Artificial Intelligence (AI) is such a big topic, and so many different possibilities exist, that you should focus on those opportunities that make the most sense for your business. You can’t do everything at once and that applies to us, the Research & Development teams of IFS, as well. Which areas make sense? Where can we add the most value to our products by leveraging AI technologies?
In my earlier blogs, I already established that general or human intelligence is quite far away for machines. And although this might be the future of AI, we’re not close yet. This is not AI as it can help us in our business today. At IFS, we like to keep things pragmatic and practical. That means we focus on something I call specific intelligence. We’re still training computers to do things smarter than we might be able to do ourselves, but it’s often a very narrow, very specific use case.
AI for us is a means to a goal and not the goal itself. It is about using technology to make better solutions for our customers. I believe that with AI technology we can empower our users to do more with less, allowing them to be more efficient and effective in the jobs they do, freeing them up to add more value to their organization.
That means we decided to focus our AI efforts in three areas because we believe that’s where it would contribute most in providing better applications to our customers.
- Human-machine interaction
- Predictive maintenance and service
Let’s have a look at these three areas in a bit more detail.
1. Human-machine interaction
Again, we’re not talking about Neo who gets jacked into the matrix. It’s about how we can improve the day to day usage of a business application to enhance the user experience. There are many areas where we can do this by leveraging technologies like chatbots or computer image processing.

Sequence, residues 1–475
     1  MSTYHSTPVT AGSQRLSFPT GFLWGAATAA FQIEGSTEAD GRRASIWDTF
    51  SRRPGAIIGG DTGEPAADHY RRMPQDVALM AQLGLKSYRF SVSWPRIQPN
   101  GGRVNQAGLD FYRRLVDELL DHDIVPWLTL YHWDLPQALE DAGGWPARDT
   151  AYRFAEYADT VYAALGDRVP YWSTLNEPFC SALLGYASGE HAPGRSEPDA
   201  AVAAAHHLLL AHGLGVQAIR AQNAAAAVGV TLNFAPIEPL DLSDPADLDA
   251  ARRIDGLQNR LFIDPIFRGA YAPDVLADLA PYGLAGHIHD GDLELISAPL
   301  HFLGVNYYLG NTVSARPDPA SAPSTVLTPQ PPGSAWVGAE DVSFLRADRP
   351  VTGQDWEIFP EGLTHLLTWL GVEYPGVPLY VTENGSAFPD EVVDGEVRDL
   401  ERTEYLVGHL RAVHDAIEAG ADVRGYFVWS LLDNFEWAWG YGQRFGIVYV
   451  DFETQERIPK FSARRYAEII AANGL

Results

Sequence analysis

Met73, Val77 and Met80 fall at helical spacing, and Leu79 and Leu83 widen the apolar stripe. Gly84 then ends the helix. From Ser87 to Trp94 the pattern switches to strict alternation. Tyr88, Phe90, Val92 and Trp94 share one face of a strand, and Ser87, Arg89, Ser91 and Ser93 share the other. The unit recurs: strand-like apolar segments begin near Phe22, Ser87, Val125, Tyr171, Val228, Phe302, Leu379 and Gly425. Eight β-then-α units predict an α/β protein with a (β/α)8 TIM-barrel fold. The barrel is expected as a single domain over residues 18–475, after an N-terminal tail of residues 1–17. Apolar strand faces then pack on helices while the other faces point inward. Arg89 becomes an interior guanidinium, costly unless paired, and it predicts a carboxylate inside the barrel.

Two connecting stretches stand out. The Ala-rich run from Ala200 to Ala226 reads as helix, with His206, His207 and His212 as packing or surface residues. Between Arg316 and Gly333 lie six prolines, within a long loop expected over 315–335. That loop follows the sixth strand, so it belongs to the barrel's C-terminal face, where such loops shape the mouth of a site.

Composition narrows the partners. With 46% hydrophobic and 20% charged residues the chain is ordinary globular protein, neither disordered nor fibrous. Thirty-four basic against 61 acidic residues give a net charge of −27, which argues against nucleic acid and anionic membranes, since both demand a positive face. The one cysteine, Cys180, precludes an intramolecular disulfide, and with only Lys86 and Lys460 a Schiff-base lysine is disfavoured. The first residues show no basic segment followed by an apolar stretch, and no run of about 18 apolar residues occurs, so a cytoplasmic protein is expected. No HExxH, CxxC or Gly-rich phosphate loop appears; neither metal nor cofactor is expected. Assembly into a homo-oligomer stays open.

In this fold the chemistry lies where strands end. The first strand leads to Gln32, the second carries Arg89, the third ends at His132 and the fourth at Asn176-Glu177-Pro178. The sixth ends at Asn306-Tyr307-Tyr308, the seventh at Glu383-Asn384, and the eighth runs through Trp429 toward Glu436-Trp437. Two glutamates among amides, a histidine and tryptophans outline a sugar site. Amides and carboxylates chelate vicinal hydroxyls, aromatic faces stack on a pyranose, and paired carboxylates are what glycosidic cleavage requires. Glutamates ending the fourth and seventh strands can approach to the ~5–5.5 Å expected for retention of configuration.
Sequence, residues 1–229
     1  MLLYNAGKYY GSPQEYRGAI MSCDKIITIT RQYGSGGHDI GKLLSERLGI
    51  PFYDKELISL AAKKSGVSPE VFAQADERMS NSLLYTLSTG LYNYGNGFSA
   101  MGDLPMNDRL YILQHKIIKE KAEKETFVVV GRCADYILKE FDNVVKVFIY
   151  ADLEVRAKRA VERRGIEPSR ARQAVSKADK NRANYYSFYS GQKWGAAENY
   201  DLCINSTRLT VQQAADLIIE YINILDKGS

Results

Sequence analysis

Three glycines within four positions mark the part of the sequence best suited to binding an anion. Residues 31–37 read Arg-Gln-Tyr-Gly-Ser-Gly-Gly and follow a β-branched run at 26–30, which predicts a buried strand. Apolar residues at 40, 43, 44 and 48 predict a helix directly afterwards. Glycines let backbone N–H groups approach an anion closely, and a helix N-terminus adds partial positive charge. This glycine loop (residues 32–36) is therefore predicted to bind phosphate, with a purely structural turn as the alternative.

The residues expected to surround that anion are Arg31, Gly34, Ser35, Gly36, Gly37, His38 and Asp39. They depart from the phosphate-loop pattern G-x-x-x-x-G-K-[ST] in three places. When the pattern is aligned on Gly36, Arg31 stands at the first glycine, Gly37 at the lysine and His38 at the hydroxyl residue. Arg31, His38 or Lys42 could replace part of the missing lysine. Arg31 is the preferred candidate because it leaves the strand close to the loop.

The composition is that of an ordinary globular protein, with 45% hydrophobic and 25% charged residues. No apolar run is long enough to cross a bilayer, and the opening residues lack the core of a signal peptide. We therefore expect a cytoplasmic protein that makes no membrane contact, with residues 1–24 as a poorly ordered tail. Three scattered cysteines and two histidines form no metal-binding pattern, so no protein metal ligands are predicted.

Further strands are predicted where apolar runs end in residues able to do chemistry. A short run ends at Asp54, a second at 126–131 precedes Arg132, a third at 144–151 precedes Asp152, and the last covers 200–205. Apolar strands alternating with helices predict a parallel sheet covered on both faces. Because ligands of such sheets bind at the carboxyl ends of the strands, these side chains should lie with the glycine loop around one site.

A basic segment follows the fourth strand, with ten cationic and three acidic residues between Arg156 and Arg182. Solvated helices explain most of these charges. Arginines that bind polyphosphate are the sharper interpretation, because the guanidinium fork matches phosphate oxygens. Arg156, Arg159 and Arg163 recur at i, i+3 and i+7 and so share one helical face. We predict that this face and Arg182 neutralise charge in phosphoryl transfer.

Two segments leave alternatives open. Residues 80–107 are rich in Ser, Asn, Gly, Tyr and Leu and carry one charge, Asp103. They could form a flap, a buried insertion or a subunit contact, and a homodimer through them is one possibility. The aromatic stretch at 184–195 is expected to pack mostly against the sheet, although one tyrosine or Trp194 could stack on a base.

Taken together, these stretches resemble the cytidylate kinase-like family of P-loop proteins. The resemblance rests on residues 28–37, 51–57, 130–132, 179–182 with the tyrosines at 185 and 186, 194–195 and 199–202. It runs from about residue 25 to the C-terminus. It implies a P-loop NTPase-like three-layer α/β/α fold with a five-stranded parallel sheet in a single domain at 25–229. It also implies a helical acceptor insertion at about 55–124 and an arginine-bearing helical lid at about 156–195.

Let’s take chatbots inside of IFS products as an example. There are two ways to look at the usage of chatbots in context of IFS products. The big difference is whether we take the viewpoint of an external user, for example, a customer that is contacting you, or whether it is an internal user, for example, an employee, that wants to have easier access to the business software.
As we differentiate between these two use cases, we have introduced two different solutions in our portfolio: IFS Customer Engagement, focusing on customers contacting your business, and the IFS Aurena Bot, focusing on providing a more conversational user interface for IFS users.
2. Predictive maintenance and service
With the rise of big data and advanced analytics, an area with a high pace of change is predicting and forecasting. There are plenty of compelling use cases, too. For example, many years ago I ran a project for a customer to predict the need for an increase in back-office workforce based on the effect of marketing campaigns.
However, if we as IFS want to focus and if we look at where we feel our customers are benefited the most in the short term, it is about predictive maintenance and predictive service. This is about using IoT-generated data and machine learning to better predict failures and maintenance or service needs.
Traditionally many assets have been maintained based on calendar-based maintenance schedules. Some industries have been more advanced and moved to usage- or condition-based maintenance long before. For example, aircraft engines are maintained based on flight hours or engine cycles for many years. Today, with the rise of IoT, this is becoming reality for many industries. As IoT sensors are collecting lots of data on the asset, we now have the opportunity to move to predictive maintenance and service as well.